Tuesday, April 28, 2015

Space Ant for study

Planetary Nebula Mz3: the Ant by Hubble space telescope
Click on the NASA/APOD link below the image to see this extraordinary Hubble photo in its glory.

What You See Is What You Get. The photo of the Ant planetary nebula (PN) is piece of art to most of us, a curious formation seen here in great detail through the eye of the most powerful telescope human's have built so far. But for professionals the image (and others like it taken at different wavelengths) is the most important source of information for stellar study. It is truly amazing what we ant-like little creatures on a tiny planet have learned from images like this taken by instruments built by us for that purpose.

"Mz 3 was discovered by Donald Howard Menzel in 1922. It was studied on July 20, 1997 by astronomers Bruce Balick (University of Washington) and Vincent Icke (Leiden University) on observations done with the Hubble Space Telescope. The telescope was later used on June 30, 1998 by Raghvendra Sahai and John Trauger of the Jet Propulsion Laboratory to picture the PN." wikipedia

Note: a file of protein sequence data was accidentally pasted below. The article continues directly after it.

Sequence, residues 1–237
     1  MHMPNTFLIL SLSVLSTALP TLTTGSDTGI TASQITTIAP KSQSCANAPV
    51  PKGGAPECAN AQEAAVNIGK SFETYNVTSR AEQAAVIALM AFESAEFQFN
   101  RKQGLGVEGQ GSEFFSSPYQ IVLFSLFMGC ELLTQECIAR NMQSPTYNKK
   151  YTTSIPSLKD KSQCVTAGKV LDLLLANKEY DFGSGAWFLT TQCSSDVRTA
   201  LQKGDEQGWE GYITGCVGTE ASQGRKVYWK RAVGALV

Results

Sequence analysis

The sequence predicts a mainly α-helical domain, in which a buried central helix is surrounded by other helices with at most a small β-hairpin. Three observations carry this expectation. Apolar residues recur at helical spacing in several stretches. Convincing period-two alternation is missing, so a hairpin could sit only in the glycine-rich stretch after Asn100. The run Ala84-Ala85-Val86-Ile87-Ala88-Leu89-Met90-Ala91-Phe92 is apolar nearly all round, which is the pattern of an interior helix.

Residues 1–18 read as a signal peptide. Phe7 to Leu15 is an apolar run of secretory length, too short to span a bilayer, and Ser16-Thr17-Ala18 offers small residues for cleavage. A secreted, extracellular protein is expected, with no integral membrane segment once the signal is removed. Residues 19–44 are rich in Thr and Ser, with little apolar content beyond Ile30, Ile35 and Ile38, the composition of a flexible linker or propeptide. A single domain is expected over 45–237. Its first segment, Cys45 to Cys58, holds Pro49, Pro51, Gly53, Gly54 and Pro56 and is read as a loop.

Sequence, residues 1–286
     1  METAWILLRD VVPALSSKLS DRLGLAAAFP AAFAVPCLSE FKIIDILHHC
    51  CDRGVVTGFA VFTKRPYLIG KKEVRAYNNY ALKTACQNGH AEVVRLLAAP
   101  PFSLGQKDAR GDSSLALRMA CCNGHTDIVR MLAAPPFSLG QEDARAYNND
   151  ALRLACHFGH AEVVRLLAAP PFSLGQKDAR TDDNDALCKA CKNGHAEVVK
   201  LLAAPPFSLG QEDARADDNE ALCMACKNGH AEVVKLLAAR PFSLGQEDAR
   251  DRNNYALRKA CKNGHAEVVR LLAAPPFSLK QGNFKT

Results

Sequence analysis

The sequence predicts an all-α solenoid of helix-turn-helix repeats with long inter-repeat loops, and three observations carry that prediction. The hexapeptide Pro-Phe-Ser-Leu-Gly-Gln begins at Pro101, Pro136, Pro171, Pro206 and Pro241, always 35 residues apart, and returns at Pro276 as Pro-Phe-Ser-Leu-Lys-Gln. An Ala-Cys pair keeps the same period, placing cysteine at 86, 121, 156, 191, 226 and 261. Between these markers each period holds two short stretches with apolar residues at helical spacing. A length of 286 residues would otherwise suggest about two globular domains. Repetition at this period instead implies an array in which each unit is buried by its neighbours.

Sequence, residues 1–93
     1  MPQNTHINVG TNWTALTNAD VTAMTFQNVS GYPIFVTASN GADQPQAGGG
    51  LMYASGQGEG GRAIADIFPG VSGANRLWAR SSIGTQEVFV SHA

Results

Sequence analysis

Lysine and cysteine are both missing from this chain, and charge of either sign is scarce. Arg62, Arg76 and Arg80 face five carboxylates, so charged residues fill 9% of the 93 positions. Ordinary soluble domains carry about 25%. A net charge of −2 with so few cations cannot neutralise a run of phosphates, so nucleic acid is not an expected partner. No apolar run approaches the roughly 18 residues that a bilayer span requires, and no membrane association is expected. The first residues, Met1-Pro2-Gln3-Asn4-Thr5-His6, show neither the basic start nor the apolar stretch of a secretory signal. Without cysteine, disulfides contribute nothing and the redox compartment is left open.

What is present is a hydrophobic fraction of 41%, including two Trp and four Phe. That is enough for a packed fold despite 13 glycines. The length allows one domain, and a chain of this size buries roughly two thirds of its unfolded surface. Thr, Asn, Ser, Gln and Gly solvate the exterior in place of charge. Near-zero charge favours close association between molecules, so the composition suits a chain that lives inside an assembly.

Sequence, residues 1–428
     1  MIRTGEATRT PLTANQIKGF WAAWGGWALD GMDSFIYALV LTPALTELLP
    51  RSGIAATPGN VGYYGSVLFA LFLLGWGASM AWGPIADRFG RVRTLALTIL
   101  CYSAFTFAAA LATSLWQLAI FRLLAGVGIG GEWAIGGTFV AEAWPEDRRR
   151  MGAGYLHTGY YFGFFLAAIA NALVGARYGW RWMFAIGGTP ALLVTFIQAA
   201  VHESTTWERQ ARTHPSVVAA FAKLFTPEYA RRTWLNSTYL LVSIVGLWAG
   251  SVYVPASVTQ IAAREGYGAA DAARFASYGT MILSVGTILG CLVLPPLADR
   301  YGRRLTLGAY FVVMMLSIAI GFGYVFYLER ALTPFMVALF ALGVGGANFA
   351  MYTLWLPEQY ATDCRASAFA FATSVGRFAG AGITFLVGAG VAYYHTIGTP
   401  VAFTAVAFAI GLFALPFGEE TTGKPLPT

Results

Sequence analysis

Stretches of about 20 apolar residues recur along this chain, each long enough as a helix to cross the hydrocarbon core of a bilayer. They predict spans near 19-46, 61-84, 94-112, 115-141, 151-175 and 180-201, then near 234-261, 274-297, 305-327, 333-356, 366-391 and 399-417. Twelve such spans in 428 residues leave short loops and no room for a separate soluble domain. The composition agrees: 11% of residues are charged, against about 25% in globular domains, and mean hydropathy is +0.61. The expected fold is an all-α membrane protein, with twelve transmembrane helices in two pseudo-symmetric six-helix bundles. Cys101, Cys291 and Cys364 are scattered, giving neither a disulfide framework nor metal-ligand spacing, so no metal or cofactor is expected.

Here is a compact explanation written by a professional astronomer for the general public telling about leading theories to explain the unusual nebula
Why then would the gas that is streaming away create an ant-shaped nebula that is distinctly not round? Clues might include the high 1000-kilometer per second speed of the expelled gas, the light-year long length of the structure, and the magnetism of the star visible above at the nebula's center. One possible answer is that Mz3 is hiding a second, dimmer star that orbits close in to the bright star. A competing hypothesis holds that the central star's own spin and magnetic field are channeling the gas.

An anonymous writer of wikipedia article discusses theories explaining this amazing gas cloud
Mz 3 is a complex system composed of three nested pairs of bipolar lobes and an equatorial ellipse. Its lobes all share the same axis of symmetry but each have very different morphologies and opening angles. It is an unusual  in that it is believed, by some researchers, to contain a symbiotic binary at its center.

Study suggests that the dense nebular gas at its center may have originated from a source different from that of its extended lobes. The working model to explain this hypothesizes that this PN is composed of a giant companion that caused a central dense gas region to form, and a white dwarf that provides ionizing photons for the PN.
For a professional discussion see for example Santander-Garcia et. al. Menzel 3: Dissecting the ant

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